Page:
Carbon Monoxide Myths and Facts
Carbon monoxide is often misunderstood. Because it is
a component of smoke found from a burning fuel, people often
equate it with fire and smoke emergencies. It can be deadly
and should be respected, but it is important to understand
it and how it affects humans.
Myth #1: You can smell carbon monoxide and sometimes it
has a taste.
Fact: Carbon monoxide is odorless, colorless and
tasteless. Sometimes when people say they can smell it what
they are really smelling is the byproducts of the fuel that
is burning, not the CO. These fuels can also cause a taste
in some people's mouths.
Myth #2: The only time carbon monoxide exists is if
something is burning a fuel such as a fireplace, gas
appliance or heating device.
Fact: Carbon monoxide is in the air we breathe daily.
Our bodies need a certain amount of it to function and are
very good at processing what is not need out. Acceptable
levels can even be higher than normal when
our houses are closed up tight because of weather and we are
running fuel-burning appliances properly. The human body can
function normally even with slightly higher concentrations
or through short "spikes". Our bodies are made to handle
Myth #3: Carbon monoxide alarms should be installed and
maintained like smoke alarms.
Fact: While smoke rises, carbon monoxide is about the
same weight as the air we breathe so it is all around us.
That is why many CO alarms are made to plug into outlets at
floor level because it really doesn't matter at what height
in the room they are installed. Like smoke alarms, CO alarms
should be tested and vacuumed at least monthly, batteries
should be changed twice a year when you change your clocks
and they should be replaced when they become 8-10 years old.
Myth #4: Carbon monoxide alarms are notorious for giving
Fact: When they were first on the market, they were
engineered to be so sensitive that they were alarming when
no real danger existed. Fire departments made numerous calls
to homes where no emergency had ever existed. In 1996 the
standard was adjusted and this problem went away. Most of
the original alarms have been replaced with newer ones but
if you still have one you should consider replacing it
because it is close to 10 years old. We still receive calls
that show no abnormal reading when we arrive. These are not
false calls though. Usually something actually caused a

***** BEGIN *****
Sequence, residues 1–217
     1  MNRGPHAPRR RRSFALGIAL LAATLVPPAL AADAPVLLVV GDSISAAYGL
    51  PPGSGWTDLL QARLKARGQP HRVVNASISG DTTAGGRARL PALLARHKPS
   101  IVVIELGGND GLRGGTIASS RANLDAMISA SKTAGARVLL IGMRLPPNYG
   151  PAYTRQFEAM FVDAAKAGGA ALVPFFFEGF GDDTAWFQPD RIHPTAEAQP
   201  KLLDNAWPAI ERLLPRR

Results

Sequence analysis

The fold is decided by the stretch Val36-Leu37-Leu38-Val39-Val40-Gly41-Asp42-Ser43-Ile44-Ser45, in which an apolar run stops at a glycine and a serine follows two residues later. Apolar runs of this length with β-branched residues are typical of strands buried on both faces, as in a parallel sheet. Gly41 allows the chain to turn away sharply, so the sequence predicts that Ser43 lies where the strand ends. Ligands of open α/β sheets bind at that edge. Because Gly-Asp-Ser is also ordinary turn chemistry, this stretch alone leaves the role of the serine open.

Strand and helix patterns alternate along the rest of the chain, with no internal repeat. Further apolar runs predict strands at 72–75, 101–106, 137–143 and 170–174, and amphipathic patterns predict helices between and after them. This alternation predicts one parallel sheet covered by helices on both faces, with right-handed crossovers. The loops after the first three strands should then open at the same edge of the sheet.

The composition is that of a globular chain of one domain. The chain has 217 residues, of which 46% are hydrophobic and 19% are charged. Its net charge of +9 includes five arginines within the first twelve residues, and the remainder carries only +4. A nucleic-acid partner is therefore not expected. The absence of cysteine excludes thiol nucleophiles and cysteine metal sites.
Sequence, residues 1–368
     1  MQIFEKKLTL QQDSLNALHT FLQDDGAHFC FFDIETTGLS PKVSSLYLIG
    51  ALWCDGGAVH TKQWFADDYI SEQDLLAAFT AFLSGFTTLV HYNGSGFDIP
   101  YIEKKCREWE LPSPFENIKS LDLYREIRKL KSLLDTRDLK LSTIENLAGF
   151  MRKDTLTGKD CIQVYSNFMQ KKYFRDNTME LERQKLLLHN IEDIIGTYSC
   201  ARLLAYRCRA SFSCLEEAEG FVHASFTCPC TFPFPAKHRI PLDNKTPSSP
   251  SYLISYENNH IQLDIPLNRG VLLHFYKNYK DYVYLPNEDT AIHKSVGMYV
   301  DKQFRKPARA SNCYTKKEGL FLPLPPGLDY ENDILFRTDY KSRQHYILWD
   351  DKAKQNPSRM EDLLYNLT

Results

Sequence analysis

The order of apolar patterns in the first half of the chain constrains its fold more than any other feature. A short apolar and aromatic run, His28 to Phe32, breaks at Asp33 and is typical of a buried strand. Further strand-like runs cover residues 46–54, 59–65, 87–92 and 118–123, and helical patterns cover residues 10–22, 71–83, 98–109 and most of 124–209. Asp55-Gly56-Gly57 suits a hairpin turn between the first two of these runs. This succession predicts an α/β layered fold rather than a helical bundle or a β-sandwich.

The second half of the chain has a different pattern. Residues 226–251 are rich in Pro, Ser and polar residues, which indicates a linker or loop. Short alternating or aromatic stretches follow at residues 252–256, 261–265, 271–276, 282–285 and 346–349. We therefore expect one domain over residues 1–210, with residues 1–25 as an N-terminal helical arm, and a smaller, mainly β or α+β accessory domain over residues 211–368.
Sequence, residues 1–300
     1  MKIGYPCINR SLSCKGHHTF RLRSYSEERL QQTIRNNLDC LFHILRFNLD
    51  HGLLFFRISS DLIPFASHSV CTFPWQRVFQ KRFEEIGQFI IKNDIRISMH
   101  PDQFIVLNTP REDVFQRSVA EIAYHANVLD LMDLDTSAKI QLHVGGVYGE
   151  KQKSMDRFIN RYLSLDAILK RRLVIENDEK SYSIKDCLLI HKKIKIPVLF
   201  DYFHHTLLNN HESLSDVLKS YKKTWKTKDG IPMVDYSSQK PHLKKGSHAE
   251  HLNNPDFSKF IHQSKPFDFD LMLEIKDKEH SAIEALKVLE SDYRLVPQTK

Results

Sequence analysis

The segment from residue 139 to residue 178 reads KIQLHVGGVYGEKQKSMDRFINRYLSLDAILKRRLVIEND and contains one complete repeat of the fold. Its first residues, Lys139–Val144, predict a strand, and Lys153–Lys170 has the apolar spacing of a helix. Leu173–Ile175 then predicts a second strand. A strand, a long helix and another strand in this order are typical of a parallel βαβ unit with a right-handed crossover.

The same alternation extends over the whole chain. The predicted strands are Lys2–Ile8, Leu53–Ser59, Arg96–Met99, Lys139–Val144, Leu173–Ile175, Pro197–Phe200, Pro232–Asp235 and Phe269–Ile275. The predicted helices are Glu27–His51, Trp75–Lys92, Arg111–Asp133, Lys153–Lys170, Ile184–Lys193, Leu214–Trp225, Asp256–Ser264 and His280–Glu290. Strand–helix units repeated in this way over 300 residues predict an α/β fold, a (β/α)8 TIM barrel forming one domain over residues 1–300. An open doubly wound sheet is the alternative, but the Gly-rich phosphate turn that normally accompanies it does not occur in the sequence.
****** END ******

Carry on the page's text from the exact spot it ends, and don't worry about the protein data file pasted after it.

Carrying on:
spike and by the time the fire department arrives the
problem has gone away because the occupants have opened
doors and windows.
Myth #5: Carbon monoxide emergencies and fire
emergencies are the same and should be handled in the same
Fact: A fire is something that happens quickly. Fires
double in size every 30 seconds. Carbon monoxide while it
can rise quickly (such as lighting a fire place with a
closed damper), usually it is something that happens over
time (such as a small leak in a flue). Because of that smoke
alarms are set to sound as soon as any smoke reaches them.
Carbon monoxide alarms are programmed to sound if the levels
of CO become dangerous over a set period of time. As we've
said before, our bodies can take short spikes. That is why
smoke alarms have one alarm that sounds when smoke is
present. Many CO alarms have an "alert" alarm and a
"warning" alarm. Alert usually means there may be a problem,
investigate and let some fresh air in the house. Warning
usually means there is a problem, get everyone out and call
for help. It is important for you to read the instructions
that come with your alarms and know the difference.
Myth #6: I'll be able to tell if my house has an
excessive level of carbon monoxide.
Fact: You may not be able to. Symptoms of CO poisoning
are very similar to flu symptoms. That's why having working
CO alarms on each level of your home is very important. It
could alert you to a problem that you might otherwise assume
is part of the flu season.
Install a UL listed carbon monoxide alarm on every level
of your home.
and vacuum all alarms at least monthly, keep fresh
batteries in them and replace them after 10 years.
chimneys and flues inspected annually for cracks, leaks
and the need for cleaning. Make repairs before using the
clothes dryers to the outside.
- Do not
use charcoal or gas grills indoors (including the
garage) or close to open windows or doors.
gas powered furnace and water heater inspected annually
to be sure they are burning cleanly and in good working
- Do not
operate combustion engines (automobile, lawn mower,
generator, tractors, snow blowers, etc.) in enclosed
areas (including the garage) or close to open windows or
Operate space heaters according to the manufacturer's
instructions and be sure to ventilate as recommended.
use a range or oven as a room-heating device.